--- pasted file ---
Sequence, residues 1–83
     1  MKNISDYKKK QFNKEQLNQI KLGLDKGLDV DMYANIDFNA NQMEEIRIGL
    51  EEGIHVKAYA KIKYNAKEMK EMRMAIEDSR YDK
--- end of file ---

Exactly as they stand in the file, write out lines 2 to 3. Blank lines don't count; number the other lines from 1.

     1  MKNISDYKKK QFNKEQLNQI KLGLDKGLDV DMYANIDFNA NQMEEIRIGL
    51  EEGIHVKAYA KIKYNAKEMK EMRMAIEDSR YDK